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"Raw Data" -- The Discovery Files

The Discovery Files
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In a first-of-its kind study, Harvard researchers have shown that cooked meat provides more energy than raw meat, a finding that challenges the current food labeling system and suggests humans are evolutionarily adapted to take advantage of the benefits of cooking.

Credit: NSF/Karson Productions

Audio Transcript:

Now, You're Cookin'.

(Sound effect: theme music) I'm Bob Karson with the discovery files--new advances in science and engineering from the National Science Foundation.

(Sound effect: early tribal drums) Humans are a unique species. Among other things, they're the only species to master fire, and be able to cook. Although we've evolved all the way to cooking competitions on cable, we have, until now never definitively shown that there are distinct benefits to firing up our food.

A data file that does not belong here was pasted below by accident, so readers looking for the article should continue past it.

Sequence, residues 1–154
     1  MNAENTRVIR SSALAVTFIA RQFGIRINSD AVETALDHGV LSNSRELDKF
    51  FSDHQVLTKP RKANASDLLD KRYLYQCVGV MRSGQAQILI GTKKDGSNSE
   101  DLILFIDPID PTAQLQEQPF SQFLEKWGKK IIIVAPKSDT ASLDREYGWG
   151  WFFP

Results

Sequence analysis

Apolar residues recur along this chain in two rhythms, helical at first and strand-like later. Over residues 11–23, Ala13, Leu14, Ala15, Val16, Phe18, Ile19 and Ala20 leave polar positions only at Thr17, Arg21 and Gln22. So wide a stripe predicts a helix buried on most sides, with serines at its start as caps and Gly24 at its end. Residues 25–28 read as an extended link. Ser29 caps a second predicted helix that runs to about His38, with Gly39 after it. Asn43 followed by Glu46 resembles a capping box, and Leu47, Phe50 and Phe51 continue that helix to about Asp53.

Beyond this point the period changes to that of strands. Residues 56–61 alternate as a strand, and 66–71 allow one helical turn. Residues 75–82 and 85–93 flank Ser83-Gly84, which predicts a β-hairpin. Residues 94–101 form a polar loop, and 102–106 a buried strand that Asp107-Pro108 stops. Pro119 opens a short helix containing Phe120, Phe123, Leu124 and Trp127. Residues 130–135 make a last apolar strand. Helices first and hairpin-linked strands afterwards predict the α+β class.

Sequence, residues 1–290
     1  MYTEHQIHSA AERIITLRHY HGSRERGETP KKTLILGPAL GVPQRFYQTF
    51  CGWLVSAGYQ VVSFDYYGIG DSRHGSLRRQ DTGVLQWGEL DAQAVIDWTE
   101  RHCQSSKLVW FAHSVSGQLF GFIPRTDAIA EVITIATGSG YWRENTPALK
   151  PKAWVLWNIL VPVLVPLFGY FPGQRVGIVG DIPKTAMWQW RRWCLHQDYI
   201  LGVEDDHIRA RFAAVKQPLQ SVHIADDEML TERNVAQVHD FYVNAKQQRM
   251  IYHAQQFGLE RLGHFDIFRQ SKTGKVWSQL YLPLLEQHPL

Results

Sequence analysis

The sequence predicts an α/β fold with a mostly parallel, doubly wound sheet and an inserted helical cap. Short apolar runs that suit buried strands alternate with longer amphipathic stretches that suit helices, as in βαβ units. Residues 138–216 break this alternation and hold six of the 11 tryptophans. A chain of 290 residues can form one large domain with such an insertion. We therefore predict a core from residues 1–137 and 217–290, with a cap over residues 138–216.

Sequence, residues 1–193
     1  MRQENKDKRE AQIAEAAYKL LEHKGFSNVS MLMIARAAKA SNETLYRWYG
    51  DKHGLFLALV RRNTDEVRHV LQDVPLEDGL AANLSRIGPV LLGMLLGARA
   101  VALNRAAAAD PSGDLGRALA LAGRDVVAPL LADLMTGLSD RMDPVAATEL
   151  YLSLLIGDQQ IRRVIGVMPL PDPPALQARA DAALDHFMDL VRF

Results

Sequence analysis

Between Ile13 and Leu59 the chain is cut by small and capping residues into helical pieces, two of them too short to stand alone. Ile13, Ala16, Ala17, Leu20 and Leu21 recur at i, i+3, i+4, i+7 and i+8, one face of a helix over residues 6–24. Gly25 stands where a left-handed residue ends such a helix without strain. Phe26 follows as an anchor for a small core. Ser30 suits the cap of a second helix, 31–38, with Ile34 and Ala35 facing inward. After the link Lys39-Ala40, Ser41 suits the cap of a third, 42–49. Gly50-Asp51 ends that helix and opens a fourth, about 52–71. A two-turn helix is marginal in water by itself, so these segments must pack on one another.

Harvard researchers in a first-of-its-kind experiment started with a simple premise: could methods of processing our food increase its energy output? Their study examined four ways of preparing food: raw and whole, raw and pounded, cooked and whole, and cooked and pounded. While previous studies focused on how food is digested, the Harvard project honed in on energy value--energy being the reason we eat in the first place.

(Sound effect: mice) Two groups of mice were fed a diet of sweet potatoes or meat, prepared by one of those methods. Changes in body mass and energy output were monitored. Across the board, cooking delivered more energy and as if they knew it was better for them, the mice preferred the cooked food.

The findings provide evidence that perhaps human evolution itself got a boost when our ancestors learned to use fire. The increased energy may have helped in the development of a larger, more athletic physique and a more complex brain. The study could have implications from food labeling to battling obesity and malnutrition.

Want to feel more energetic? Kiss the cook.

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